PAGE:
Cleopatra, the famed Egyptian Queen born in 69 B.C., is shown to have been brought by Roman ruler Julius Caesar at age 18. Caesar becomes sexually obsessed by the 18 year old queen, beds ...
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Cleopatra as a firm ruler and military tactician who embarked on a ruthless rise to power. Cleopatra twice married brothers, killing each of them as well as a sister. Romantic alliances ... See full summary »
Cleopatra, the famed Egyptian Queen born in 69 B.C., is shown to have been brought by Roman ruler Julius Caesar at age 18. Caesar becomes sexually obsessed by the 18 year old queen, beds her, and eventually has a son by her. However, his Roman followers and his wife are not pleased by the union. In fact, as Caesar has only a daughter by his wife, he had picked Octavian as his successor. The out-of-wedlock son of Cleopatra is seen to be a threat to his future leadership. Thus Brutus and other Roman legislators plot the assassination of Caesar. Caesar's loyal general, Marc Antony, and Octavian then divide up the Roman empire. Antony takes Egypt and soon takes up the affair with Cleopatra. However, Octavian soon launches an attack on Antony and ultimately defeats and mortally wounds him. Rather than permitting herself to be humiliated by Octavian, Cleopatra sends her son away to India and she commits suicide by permitting the deadly asp to bite her. Written by
John Sacksteder <firstname.lastname@example.org>
Cleopatra actually had two brothers, Ptolemy XIII and Ptolemy XIV, both of whom she was married to. Ptolemy XIII was her first brother/husband, but with the help of Pothinus, forced Cleopatra to flee Egypt with their sister Arsinoe. Caeser, who at this point was already Cleopatra's lover, reinstated her to the throne. However, Ptolemy XIII allied himself with Arsinoe against the pair, but Roman reinforcements forced them to flee the city, and Ptolemy XIII drowned attempting to cross the Nile in 47 BC, aged around 14-15. Cleopatra was then married to her second brother/husband, Ptolemy XIV, who was co-ruler with her (though she retained the power) until shortly after the death of Caesar, when he died (possibly murdered) at the age of about 15 and was replaced with Cleopatra's 3-year-old son Caesarion (Ptolemy XV). See more »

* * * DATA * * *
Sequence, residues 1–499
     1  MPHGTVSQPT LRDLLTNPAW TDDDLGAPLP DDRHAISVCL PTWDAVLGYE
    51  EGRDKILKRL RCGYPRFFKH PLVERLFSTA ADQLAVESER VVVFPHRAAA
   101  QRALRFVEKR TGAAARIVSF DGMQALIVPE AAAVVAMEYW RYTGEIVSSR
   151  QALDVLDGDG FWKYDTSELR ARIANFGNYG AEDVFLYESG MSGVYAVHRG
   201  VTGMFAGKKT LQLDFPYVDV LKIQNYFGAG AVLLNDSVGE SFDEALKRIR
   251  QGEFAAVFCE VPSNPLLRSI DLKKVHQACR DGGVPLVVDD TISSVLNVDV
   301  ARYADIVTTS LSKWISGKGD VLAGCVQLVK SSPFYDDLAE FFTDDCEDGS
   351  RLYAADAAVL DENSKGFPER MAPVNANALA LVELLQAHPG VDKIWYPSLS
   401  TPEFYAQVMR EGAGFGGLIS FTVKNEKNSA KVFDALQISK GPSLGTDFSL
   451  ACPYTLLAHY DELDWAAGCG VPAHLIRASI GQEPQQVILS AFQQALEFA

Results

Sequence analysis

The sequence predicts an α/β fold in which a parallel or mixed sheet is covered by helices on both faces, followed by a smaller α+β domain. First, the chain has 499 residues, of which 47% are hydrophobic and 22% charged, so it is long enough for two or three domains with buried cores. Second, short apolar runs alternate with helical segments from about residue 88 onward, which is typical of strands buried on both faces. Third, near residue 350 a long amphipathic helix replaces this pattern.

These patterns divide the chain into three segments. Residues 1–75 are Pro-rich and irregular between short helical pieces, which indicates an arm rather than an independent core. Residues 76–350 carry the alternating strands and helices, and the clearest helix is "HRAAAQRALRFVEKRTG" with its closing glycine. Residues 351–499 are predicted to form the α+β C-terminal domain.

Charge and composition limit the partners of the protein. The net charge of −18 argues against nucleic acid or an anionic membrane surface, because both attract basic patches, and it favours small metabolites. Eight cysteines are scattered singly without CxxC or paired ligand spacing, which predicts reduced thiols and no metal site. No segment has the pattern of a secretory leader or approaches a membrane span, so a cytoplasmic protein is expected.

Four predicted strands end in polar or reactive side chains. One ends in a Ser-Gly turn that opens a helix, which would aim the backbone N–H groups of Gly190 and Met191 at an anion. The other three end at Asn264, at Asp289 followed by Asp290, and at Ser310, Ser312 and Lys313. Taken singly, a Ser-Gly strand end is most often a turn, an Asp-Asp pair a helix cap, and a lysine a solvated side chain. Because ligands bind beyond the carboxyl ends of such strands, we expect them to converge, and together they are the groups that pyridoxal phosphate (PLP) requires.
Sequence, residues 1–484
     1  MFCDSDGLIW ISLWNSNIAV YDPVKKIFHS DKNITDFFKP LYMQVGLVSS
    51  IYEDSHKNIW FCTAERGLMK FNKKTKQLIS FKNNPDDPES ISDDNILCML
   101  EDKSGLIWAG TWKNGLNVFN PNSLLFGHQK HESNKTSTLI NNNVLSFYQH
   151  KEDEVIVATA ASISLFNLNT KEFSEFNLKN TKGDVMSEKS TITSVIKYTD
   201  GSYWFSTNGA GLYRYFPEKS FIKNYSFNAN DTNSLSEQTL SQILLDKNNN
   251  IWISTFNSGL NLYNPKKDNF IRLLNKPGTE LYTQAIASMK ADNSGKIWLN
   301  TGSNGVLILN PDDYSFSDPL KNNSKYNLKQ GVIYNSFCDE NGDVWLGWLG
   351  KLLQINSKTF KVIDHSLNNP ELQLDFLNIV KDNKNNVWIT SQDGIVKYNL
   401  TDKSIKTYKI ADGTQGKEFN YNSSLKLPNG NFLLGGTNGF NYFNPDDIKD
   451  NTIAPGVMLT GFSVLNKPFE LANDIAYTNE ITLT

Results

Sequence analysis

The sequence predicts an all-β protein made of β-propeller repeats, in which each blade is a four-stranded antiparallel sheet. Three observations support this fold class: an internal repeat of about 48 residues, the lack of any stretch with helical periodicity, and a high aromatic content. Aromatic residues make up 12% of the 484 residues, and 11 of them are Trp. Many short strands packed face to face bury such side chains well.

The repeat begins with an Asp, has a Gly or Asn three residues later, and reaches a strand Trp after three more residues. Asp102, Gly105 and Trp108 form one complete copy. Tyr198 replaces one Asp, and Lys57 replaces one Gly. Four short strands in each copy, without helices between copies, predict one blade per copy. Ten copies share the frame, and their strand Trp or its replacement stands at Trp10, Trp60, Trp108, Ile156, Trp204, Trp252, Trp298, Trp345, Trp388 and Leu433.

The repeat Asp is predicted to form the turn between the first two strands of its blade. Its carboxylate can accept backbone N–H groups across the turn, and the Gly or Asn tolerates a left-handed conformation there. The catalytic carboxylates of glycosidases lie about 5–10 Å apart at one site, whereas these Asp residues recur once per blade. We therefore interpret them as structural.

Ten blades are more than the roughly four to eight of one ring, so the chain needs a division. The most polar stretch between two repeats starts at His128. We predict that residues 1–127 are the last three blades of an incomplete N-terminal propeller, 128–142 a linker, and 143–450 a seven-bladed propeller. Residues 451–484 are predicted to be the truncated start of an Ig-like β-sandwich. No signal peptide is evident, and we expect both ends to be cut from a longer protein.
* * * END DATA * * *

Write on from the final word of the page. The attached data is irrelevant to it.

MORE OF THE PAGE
Hollywood strikes again. The miniseries trys to cram too much into too little time. The first part was great mainly due to Timothy Dalton. He played a very strong Caesar. The second part lost its drive. I don't know if it was casting or plot. Just watch the first part. You know what happens in the end anyway.
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